FD.O must DIE!!!!

By reading the xdg mailing list I came to this conclusion because it seem they are creating solution for imaginary problems.
And if they are doing this it's mean they have no purpose. And if we can be kind to Terri Schiavo we can be kind to them and unplug freedesktop.org so it can die in dignity ...


... have any rational reasons to back this up? if not you are just making those of us who have real problems look bad. there are legitimate problems, but mindless rambling wont fix them or address them.

By Ian Reinhart Geiser at Wed, 04/13/2005 - 04:20

I just state the feeling and the impression about the last few months on the mailing list. I know there problems in the world and they need to be fixed. But when I wrote that I was just pissed off at what they try to do and how they try to do it ... it's just that.

By Mathieu Chouinard at Wed, 04/13/2005 - 14:29

Lets not trivialize Terri's ordeal. In her case, there was no "right thing" to do.

By floyd at Wed, 04/13/2005 - 13:32

sorry if I offended you

By Mathieu Chouinard at Wed, 04/13/2005 - 14:26

I forgive you :)

By floyd at Wed, 04/13/2005 - 21:46

No one can deny that Freedesktop has some growing pains, but seriously, just because there's a speed bump people shouldn't give up on what is actually a fundamentally good idea. What would happen if people gave up in every organisation of people when there was a lot of smoke and mirrors and people appearing to push their own agendas, not for some alterior motives, but because no one actually understands what is being worked towards? That's the problem with Freedesktop.

Freedesktop and the people pushing it along need to have a long hard look at it, but it is nothing that can't be fixed.

By segedunum at Wed, 04/13/2005 - 18:02

FreeDesktop.org solves, or at least attempts to solve, real problems that users encounter with Linux as a desktop operating system. You may not encounter those problems for a variety of reasons: perhaps you strictly use KDE applications, or perhaps you aren't in charge of managing a large number of corporate workstations spread out over the country. The latter is probably true for a lot of people. So yes, FreeDesktop.org may not be solving problems that you have, but that doesn't make these problems imaginary. For a lot of people that use Linux on their desktop or laptop it is a great mystery why some url's such as audiocd:/ only work in half of their applications, why only half of their applications change their font when they change their settings in the control center and why it is still possible to print from the word processor after having disabled printing in KDE's KIOSK Admin Tool.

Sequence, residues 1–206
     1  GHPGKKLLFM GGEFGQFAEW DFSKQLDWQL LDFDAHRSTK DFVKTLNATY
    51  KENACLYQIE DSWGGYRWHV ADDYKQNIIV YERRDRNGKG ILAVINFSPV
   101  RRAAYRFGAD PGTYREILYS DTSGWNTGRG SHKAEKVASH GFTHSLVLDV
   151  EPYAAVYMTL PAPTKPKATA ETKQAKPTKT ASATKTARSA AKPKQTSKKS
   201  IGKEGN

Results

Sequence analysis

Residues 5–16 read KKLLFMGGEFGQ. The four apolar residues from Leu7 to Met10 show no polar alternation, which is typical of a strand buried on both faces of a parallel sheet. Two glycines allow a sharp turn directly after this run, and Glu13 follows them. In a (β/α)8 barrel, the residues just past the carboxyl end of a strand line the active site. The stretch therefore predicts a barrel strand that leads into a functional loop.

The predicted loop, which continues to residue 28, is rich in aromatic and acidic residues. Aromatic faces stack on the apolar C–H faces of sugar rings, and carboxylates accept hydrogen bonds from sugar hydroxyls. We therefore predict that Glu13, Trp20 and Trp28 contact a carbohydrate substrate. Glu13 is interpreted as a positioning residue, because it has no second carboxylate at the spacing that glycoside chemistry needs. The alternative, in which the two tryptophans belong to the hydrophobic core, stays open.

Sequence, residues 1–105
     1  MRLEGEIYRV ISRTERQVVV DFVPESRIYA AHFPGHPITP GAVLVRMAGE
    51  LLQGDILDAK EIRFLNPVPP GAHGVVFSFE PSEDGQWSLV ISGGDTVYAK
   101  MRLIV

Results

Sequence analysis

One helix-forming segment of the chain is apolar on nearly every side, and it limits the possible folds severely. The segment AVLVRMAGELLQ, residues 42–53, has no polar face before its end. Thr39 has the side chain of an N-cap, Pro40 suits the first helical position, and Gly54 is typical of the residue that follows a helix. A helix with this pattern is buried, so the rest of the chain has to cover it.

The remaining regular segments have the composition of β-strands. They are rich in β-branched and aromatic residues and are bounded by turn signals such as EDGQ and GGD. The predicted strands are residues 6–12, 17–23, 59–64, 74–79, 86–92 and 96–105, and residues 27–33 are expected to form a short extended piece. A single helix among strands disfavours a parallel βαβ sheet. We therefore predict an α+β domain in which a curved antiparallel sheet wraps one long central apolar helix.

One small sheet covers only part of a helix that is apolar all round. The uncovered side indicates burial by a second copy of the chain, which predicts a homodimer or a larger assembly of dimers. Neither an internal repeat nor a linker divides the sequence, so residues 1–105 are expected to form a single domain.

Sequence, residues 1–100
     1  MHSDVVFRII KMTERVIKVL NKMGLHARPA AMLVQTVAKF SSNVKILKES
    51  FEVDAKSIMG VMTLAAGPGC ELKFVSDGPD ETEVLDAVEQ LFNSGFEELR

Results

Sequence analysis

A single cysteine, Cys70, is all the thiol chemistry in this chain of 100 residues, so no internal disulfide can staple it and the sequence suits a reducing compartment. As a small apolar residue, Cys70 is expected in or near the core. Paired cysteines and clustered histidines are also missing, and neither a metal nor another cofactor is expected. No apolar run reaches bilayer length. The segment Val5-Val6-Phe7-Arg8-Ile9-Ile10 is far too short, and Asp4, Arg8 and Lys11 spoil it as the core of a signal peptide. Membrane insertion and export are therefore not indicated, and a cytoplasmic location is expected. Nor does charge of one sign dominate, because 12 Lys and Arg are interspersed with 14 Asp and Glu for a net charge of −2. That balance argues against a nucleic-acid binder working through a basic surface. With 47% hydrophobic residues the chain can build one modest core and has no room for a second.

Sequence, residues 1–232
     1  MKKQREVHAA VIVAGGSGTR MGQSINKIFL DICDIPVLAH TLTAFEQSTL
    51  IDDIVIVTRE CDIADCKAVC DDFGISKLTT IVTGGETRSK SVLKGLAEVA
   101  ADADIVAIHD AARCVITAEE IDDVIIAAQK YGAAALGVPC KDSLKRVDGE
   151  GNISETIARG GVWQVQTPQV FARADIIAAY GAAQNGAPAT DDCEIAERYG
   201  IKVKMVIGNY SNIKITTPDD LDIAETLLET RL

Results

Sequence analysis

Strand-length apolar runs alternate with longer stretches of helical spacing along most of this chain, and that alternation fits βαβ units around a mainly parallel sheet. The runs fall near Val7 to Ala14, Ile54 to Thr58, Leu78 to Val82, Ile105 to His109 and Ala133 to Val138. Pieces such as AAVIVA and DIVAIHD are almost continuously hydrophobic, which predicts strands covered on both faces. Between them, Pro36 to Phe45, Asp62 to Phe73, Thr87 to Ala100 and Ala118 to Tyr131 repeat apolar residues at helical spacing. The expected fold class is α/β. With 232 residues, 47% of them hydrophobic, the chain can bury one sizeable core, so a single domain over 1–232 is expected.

By Waldo Bastian at Thu, 04/14/2005 - 12:06

Well, with respect those are issues that one would find in the NLD more than anything else ;). Honestly, I think you need to be careful on that one. To be brutally honest, the vast majority of people managing a large number of corporate workstations in the world today are running Windows and they simply don't have those issues. That's the way it is, unfortunately, and that's what any Linux/Unix desktop has to provide, without waiting ten years or so to get anything universally accepted if at all.

What you're describing is the creation of standards and ways of doing things that aren't necessarily new in concept, but are to basically merge Gnome and KDE. That's essentially what you're describing. Of course that benefits Novell with where they are and what they're using at the moment, but whether it actually benefits KDE, or even Gnome, with better technology is open to question. Many applications, especially on the desktop, are just plain too diverse technologically and it is pretty impossible to think that standards are going to be created for just about everything and that open source developers, or worse, ISVs are going to adhere to them. Even worse, it doesn't get anyone any further forward. It's like fitting a square peg in a round hole, or fitting a square peg in a hole that is almost square. Unix has been there and got the T-shirt. I don't think that's where Freedesktop's focus should be primarily, but on making components work together well from top to bottom throughout an entire OS system that can be practically done starting today. The hardware work is one such area, as well as the work with X/fonts etc. Perhaps many people just don't see Freedesktop as the KDE/Gnome merger that you and others seem to, but won't actually admit to directly for various reasons. Focus on what simple collaboration Freedsktop can reasonably bring today.

Kiosk certainly disables printing in the KWord word processor when I last tried it, and if you're talking about Open Office then it's a matter of making your Open Office support Kiosk. I certainly don't see how creating umpteen standards on Freedesktop helps anyone there.

I think the problem is that people want know what Freedesktop is for, and what people like you want it to be, rather than a lot of smoke and mirrors. It's just creating a lot of confusion and mistrust I think.

By segedunum at Thu, 04/14/2005 - 23:55